Notes on casting sucrose-based propellant
The cast propellant should be within the colour range of the two grains shown in Figure 6 below:
Alternative Casting MethodsThere are alternative methods of casting KNSU propellant that other rocketry experimenters have developed. Two methods that I am aware of deserve particular attention. Both involve the inclusion of water and/or corn syrup to the basic propellant ingredients. One method involves dissolving the potassium nitrate and sucrose in water, then boiling until all the water has been eliminated. The suggested ratio of water to potassium nitrate/sucrose is 2 to 3. Interestingly, the thermostat of the heating vessel may be set to a lower temperature than with the slurry method, typically 130 to 150oC. (260 to 300o F.).
Although I have not used this technique to cast an actual propellant grain, I have conducted preliminary experimentation of both the standard 65/35 ratio, as well as the 60/40 ratio. For both, I have have produced small samples of propellant, including strands for burn rate measurement. It was found that the water boils away quite rapidly. An off-white slurry results, which must be heated further to drive out all residual water. This condition is indicated by a slight odour of caramelization. Further heating is done until the colour of the slurry is a light tan. The consistency of the 65/35 rato is definitely thicker than that of the slurry method, and the propellant needs to be packed into the mould rather than poured or scooped. However, it was found that the viscosity of the 60/40 ratio is sufficiently lower such that it can be cast in a manner similar to regular KNSU. Curiously, when the propellant cools and hardens, it is completely dry, unlike propellant prepared by the slurry method, which tends to develop a sticky film immediately after casting. Indeed, the hygroscopic nature of the propellant seems to be reduced...a sample strand that has been left in the open air for 6 months, at humidity levels ranging from 50 to 70%, has remained bone dry.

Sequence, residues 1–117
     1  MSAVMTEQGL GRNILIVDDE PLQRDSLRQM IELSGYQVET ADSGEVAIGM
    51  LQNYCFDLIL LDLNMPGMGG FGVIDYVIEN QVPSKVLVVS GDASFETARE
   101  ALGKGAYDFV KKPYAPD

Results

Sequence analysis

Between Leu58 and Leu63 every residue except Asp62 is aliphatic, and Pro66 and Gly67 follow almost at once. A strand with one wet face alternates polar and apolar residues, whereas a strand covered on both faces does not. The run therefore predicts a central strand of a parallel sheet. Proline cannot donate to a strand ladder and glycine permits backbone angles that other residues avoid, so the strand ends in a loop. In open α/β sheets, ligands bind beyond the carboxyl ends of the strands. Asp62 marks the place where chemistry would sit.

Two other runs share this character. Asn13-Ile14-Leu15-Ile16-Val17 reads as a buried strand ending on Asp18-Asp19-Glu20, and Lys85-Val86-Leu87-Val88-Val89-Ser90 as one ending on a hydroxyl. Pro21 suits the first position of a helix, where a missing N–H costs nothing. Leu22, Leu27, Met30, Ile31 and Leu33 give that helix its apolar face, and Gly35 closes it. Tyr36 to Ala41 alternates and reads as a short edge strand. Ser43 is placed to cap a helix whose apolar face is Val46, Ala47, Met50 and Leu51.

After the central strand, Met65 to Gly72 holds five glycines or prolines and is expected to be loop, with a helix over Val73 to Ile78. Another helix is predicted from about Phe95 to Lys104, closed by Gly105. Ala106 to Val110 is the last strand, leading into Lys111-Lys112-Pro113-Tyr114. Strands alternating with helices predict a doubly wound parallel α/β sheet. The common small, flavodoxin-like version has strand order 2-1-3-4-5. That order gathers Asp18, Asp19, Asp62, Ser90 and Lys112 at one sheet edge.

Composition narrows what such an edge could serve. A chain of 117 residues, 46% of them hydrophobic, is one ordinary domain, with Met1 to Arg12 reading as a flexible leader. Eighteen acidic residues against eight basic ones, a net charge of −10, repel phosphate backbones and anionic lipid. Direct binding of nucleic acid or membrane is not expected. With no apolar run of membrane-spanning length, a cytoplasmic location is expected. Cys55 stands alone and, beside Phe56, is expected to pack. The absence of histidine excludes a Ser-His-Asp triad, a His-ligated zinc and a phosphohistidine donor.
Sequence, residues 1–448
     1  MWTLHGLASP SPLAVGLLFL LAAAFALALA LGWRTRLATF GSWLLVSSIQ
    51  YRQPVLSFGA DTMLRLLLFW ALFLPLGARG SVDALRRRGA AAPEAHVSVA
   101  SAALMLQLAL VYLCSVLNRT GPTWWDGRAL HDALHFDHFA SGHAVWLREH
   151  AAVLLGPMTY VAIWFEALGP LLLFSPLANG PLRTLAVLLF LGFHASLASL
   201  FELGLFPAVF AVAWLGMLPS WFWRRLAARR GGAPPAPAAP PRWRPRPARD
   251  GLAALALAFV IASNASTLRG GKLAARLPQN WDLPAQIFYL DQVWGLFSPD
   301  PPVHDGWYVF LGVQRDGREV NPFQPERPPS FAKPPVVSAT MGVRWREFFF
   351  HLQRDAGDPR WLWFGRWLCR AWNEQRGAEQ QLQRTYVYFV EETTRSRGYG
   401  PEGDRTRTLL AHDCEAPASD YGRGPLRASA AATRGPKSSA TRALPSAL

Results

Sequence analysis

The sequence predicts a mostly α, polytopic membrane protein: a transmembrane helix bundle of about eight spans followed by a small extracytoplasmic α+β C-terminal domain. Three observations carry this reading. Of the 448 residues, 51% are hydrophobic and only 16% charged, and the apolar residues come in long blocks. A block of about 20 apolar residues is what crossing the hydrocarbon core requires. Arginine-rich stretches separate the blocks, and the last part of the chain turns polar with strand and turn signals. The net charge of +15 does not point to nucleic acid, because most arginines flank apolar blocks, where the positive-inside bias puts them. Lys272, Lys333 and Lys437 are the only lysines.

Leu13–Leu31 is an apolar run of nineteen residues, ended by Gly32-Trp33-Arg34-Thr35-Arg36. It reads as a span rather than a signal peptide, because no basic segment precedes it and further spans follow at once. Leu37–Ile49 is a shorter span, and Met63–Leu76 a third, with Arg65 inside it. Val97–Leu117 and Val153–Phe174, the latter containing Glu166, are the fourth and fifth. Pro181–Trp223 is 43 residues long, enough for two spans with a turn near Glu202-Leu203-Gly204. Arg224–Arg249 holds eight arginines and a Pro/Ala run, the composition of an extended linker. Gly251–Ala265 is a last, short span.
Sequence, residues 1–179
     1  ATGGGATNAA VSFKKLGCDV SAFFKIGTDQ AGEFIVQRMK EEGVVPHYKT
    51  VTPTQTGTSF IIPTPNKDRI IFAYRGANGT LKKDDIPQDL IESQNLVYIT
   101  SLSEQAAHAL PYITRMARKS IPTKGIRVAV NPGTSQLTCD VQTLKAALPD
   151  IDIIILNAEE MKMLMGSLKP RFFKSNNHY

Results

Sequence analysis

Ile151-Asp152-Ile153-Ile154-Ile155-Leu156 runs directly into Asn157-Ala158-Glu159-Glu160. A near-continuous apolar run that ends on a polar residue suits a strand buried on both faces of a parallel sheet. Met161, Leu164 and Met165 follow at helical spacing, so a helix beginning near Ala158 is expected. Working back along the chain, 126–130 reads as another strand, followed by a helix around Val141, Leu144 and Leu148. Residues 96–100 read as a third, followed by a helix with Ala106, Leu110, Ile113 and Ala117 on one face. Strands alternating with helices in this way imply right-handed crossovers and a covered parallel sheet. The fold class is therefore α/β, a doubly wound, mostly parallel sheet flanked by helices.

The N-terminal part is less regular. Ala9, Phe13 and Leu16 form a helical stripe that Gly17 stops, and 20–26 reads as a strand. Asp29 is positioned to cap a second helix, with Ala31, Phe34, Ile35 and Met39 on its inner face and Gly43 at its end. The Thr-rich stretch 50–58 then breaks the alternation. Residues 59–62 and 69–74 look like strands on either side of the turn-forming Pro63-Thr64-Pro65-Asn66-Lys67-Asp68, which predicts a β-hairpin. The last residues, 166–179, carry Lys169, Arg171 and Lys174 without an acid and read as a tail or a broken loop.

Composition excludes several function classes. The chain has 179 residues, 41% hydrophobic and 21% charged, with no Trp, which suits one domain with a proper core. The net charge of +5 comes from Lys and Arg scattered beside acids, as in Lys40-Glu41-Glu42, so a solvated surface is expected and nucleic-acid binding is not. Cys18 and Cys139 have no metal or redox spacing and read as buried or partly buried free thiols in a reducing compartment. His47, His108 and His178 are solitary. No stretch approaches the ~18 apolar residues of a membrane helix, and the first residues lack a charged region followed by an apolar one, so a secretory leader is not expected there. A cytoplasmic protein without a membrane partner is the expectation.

There are interesting advantages to using water as a medium for the propellant constituents during the heating process. There is no need to premix or to grind up the constituents, as both fully dissolve in the water. Combustion appears to be more efficient -- samples burned showed no sign of residue. Importantly, the water solution would clearly add additional safety to the process, at least during the initial phase where the water content is great. The casting temperature may also be lower. As well, the fact that both potassium nitrate and sucrose are soluble in water should produce a more homogenious propellant, which differs from the "composite" mixture of the heated slurry technique. Burn rate measurements at ambient pressure indicate a burn rate slightly greater than the "composite" version (0.45 cm/s versus 0.40 cm/s, typical). The difference in burn rate at elevated pressure, if any, is currently not known.
Dan Pollino ( www.inverseengineering.com) has developed a similar technique, with certain differences. Dan's formulation consists of 60% KN, 36% sucrose, and 4% corn syrup. To this, water is added to the tune of 10% of the constituents mass. The inclusion of the corn syrup apparently improves the fluidity of the melted mixture, which improves castability. This innovative casting method is detailed in Dan's web site.
Effects of OverheatingAs the casting process of this propellant involves operation at an elevated temperature, it is important to know how much of a "safety margin" one has, with regard to possible hazards associated with inadvertent overheating. To determine the effects of possible overheating during the casting process, an experiment was performed in which a sample of KNSU propellant, of 65/35 O/F ratio, was overheated. This involved placing a small sample (approx. 10 grams) of the propellant mixture into an aluminum pan, and heating the sample with a forced-air heat gun (1400 watt; 1100 deg.F max. rating). A type-K thermocouple (chromel-alumel) was inserted into the propellant mixture to monitor temperature. The setup for this experiment is illustrated in Figure 7.